Tasmania

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The island state of Tasmania is globally renowned for its ancient native forest, significant biological diversity and spectacular wild places. Tasmania is home to one of the world’s last great temperate wilderness areas, to the world’s tallest hardwood trees (which can grow to over 100 meters in height), and to the largest tract of temperate rainforest in Australia. The exceptional ecological values of Tasmania’s natural landscapes have been internationally recognised by a multitude of individuals and organisations, including the IUCN and World Heritage Committee.

Karst systems are a significant feature of many of Tasmania’s high conservation value forests, which feature extensive cave networks, sink-holes and underground water courses. Several caves within these forests are important sites of Aboriginal heritage.
Much of Tasmania’s globally significant forests are mixed forests – hosting a unique balance of tall eucalypt trees growing side by side with rainforest species. They provide important habitat for a diversity of  native wildlife, including threatened and endangered species. Conservationists have used remote sensor fauna cameras to document evidence of spot tailed quolls and  healthy Tasmanian Devils in forests threatened by logging. These forests are also home to Tasmanian wedge-tailed eagles, a species with a population of only 60-80 breeding pairs left, as well as goshawks and masked owls.

Above: Wildlife footage taken by remote sensor cameras in Butlers Gorge – an area recently listed as World Heritage after years of community campaigns and actions.

Tasmania’s native forests are under threat from industrial scale logging, driven by a Malaysian timber company, Ta Ann. This company is turning areas of high conservation value forests into plywood and selling their products internationally under the misleading label “eco-ply.” They have in fact lied to their customers in Japan, claiming that their wood is sourced from plantation and regrowth, despite the fact that official documents have proven that Ta Ann are the key driver behind the ongoing logging of Tasmania’s high conservation value forests.
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Tasmania’s native forests continue to be destroyed, despite the so-called “forest peace deal.”  After three years of negotiations between some environment groups, industry and unions, a deal was signed in late 2012. This agreement, already lacking in adequate protection for native forests, was further mutilated by the Tasmanian Legislative Council, which eventually passed it through parliament as the Tasmanian Forest Agreement. Essentially the agreement has served to prop up a dying native forest industry, feeding millions of dollars of tax-payer funds into the logging industry to continue the destruction of native forests. Unfortunately the agreement has been promoted as a “solution” to the forest “conflict” and has been used as a way of green-washing the industry.  As a result, companies such as Ta Ann continue to source wood from high conservation value forests and meanwhile are receiving a green tick of approval. It is more important than ever that we escalate the campaign to expose the truth behind Ta Ann and the destruction of Tasmania’s irreplaceable forests.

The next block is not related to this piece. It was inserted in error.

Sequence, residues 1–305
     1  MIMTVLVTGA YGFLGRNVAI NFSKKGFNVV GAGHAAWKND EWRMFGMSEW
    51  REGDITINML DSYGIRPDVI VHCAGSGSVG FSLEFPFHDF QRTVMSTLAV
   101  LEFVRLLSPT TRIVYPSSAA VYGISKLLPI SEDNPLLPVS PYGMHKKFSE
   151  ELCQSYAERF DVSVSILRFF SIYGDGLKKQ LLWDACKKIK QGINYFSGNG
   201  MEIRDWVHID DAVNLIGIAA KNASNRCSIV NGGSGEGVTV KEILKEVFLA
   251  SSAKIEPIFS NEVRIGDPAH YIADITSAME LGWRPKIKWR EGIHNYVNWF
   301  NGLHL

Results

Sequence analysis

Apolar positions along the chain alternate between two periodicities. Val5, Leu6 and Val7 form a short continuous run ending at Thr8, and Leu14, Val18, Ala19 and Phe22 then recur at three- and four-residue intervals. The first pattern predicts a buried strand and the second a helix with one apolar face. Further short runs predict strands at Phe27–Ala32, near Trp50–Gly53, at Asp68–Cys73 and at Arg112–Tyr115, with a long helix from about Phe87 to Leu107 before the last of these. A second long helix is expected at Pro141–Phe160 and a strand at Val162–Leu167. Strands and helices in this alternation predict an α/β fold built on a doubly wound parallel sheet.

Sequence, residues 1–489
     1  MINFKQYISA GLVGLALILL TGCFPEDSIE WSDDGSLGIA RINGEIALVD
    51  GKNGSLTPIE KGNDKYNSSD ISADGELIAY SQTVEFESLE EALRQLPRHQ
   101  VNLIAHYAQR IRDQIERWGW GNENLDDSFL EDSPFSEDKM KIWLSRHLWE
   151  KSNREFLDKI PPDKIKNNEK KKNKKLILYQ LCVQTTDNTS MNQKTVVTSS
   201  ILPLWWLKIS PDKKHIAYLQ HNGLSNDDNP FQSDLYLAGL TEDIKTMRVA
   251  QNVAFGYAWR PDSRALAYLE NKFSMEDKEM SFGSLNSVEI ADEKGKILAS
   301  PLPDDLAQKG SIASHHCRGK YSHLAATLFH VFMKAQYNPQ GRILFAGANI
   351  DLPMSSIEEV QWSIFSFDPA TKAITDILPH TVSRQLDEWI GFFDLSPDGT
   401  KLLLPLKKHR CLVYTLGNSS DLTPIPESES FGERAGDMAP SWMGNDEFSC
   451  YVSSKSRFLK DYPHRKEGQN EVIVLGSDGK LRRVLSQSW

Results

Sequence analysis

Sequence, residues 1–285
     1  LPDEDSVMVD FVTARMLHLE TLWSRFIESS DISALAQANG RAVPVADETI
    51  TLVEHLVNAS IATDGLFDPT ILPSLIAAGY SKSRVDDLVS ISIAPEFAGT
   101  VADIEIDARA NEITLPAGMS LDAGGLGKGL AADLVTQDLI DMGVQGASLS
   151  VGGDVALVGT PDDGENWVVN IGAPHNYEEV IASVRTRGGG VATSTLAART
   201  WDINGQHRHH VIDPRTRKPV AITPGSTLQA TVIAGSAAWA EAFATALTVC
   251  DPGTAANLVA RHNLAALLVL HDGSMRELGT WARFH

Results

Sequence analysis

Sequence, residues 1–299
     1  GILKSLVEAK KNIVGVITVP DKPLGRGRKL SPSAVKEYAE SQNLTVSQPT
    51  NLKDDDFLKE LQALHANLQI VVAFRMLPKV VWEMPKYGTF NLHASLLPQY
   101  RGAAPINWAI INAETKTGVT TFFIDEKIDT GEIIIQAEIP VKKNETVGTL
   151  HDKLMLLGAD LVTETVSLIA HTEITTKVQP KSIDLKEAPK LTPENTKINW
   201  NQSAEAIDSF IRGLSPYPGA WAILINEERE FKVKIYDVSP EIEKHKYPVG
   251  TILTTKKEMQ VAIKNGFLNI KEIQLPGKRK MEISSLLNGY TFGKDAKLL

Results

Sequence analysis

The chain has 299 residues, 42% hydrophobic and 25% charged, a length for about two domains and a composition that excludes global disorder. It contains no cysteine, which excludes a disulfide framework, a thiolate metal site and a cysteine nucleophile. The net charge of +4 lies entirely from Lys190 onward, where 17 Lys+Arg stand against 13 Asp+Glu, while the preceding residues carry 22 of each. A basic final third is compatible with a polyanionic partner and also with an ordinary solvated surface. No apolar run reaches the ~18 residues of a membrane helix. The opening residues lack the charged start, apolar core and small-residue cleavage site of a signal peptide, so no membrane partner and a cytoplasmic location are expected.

Arve Valley 7 September Photos Laura Minnebo 03
Tasmania has a long history of grassroots direct action for the forest, dating back decades. The campaign recently succeeded in having 170,000 hectares added to the World Heritage listing, after a 20 year fight to have the boundaries of the World Heritage Area extended. This win is a testament to the power of grassroots action. Areas like the Weld, Styx and the Upper Florentine are among the forests that received this international recognition. These areas have long been sites of non-violent direct action. The Weld Valley gained international attention when a life-sized pirate ship was constructed across a logging road, blockading the forests and keeping the chainsaws out for many years. The Upper Florentine Valley, now World Heritage listed, was the site of Tasmania’s longest running blockade, known as Camp Floz. The blockade defended the valley for 6 and a half years, using tactics such as tree-sits, dragons, lock-ons and tripods to stop logging machinery entering the valley. Of the 15 logging coupes originally planned by Forestry Tasmania to be logged with 3 years, only 2 and a half were completed, and only 2 km of road out of the proposed 10.5km was ever built, due to the success of the blockade. The rest of the 2000 hectare valley, an area that had been literally an island excluded from the previous World Heritage boundary, now remains as an in-tact ancient ecosystem, set to join it’s rightful place at the heart of the Tasmanian Wilderness World Heritage Area. The success of direct action tactics and grassroots community support in the Upper Florentine is an inspiration to continue our fight, to keep up the pressure and defend all of Australia’s precious native forests.
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Camp Floz: These blockade structures were attached to tree-sits, stopping logging machinery accessing the Upper Florentine Valley.
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